Rudy Giuliani, the jailed Turkish gold trader and the secret meeting with Erdogan
Former New York mayor pushed for extraordinary US-Turkey deal to help a client
Former New York mayor Rudy Giuliani, who is part of the legal team representing Reza Zarrab, a Turkish gold trader jailed in Manhattan on charges of conspiring to violate the American sanctions on Iran. Photograph: Kevin Hagen/New York Times
In late February, as the United States and the rest of the world were adjusting to President Donald Trump, and Turkey was focused on a push by its president, Recep Tayyip Erdogan, to expand his power, Erdogan agreed to an unusual meeting with some American visitors.
The guests included Rudolph Giuliani, a former New York City mayor who had acted as a surrogate for Trump during his campaign, and another prominent lawyer, Michael Mukasey, who served as attorney general in US president George W Bush’s administration.
The purpose of the visit by Giuliani and Mukasey was rather extraordinary: They hoped to reach a diplomatic deal under which Turkey might further aid US interests in the region. In return, the United States might release the two men’s client, Reza Zarrab, a Turkish gold trader being held in a Manhattan jail whose case had attracted Erdogan’s interest.
Mukasey, in court papers made public on Wednesday, characterised the meeting as part of an effort to seek “a state-to-state resolution of this case”, and he hinted at some progress: “Senior officials in both the US government and the Turkish government remain receptive to pursuing the possibility of an agreement.”
Plea bargaining, even for the most well-connected of defendants, is normally conducted by defence lawyers and prosecutors, often in courthouse corridors or drab government offices. But the efforts being made on behalf of Zarrab, which have also involved discussions at high levels of the Trump administration, show the way political access and diplomatic overtures can also be employed.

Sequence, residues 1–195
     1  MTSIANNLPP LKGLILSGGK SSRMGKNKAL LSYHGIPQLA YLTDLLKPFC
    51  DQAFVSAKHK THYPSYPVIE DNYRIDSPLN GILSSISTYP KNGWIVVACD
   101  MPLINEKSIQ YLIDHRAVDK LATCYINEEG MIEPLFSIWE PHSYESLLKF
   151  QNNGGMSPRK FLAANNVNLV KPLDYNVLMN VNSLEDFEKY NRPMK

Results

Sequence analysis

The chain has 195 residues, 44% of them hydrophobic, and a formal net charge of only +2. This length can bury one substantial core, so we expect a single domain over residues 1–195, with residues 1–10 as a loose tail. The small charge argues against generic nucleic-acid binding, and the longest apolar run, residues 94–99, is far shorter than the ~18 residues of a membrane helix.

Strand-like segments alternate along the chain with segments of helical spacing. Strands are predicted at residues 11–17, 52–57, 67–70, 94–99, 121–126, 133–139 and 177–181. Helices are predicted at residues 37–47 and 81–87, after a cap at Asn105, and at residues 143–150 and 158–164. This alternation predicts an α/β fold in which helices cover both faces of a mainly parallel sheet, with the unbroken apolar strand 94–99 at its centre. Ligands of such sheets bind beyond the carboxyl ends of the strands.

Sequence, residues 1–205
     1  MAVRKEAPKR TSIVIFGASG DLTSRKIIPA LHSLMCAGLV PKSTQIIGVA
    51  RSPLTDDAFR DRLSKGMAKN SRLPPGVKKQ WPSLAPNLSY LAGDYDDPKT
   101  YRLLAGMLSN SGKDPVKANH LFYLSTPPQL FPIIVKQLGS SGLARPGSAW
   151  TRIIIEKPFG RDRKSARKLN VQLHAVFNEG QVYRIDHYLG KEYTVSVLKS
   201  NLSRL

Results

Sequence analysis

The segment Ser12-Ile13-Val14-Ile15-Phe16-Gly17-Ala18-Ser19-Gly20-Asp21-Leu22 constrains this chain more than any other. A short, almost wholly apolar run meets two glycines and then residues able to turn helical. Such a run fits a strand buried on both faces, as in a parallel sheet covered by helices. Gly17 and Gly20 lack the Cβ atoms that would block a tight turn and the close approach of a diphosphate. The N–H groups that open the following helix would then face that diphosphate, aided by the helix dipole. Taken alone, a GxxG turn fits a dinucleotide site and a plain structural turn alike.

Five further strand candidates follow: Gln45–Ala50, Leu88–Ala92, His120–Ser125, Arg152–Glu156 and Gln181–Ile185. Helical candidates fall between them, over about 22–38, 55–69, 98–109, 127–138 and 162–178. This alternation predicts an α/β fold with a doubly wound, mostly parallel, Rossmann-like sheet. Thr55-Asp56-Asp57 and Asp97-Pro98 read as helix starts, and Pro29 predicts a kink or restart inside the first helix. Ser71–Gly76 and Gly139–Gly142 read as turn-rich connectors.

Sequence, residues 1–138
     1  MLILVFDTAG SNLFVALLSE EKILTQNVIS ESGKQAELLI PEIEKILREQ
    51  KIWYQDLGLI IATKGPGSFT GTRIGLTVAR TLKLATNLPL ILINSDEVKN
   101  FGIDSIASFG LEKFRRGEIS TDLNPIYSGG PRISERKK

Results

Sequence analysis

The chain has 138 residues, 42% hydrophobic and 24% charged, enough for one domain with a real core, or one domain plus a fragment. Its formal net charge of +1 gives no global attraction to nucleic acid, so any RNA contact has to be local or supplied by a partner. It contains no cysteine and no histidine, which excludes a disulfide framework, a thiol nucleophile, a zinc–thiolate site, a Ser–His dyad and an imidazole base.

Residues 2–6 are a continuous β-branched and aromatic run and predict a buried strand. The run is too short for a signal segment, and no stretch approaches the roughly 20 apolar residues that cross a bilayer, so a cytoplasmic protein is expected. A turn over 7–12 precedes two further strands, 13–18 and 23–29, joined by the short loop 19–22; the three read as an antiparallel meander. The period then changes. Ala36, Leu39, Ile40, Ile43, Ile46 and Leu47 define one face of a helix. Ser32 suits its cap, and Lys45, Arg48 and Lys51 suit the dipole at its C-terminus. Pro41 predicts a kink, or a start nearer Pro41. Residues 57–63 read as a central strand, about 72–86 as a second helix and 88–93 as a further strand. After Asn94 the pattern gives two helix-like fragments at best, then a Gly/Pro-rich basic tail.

Zarrab (33) is a well-known figure in Turkey. He is married to a Turkish pop star and is regarded as a member of Erdogan’s circle of friends and associates. Photographs show Erdogan’s wife, Emine, attending at least one charity event alongside Zarrab and his wife.
Zarrab had also amassed “a considerable fortune”, according to US prosecutors, who say his holdings included ownership in a private aeroplane and about 20 properties, boats, luxury automobiles and millions of dollars worth of artwork.
Wealth and influence
In 2013, Zarrab was detained by Turkish authorities in a wide-ranging corruption investigation of businessmen with close ties to Erdogan, who was then Turkey’s prime minister. But Zarrab used his wealth and influence with the Turkish government to win his release from prison, US prosecutors have said.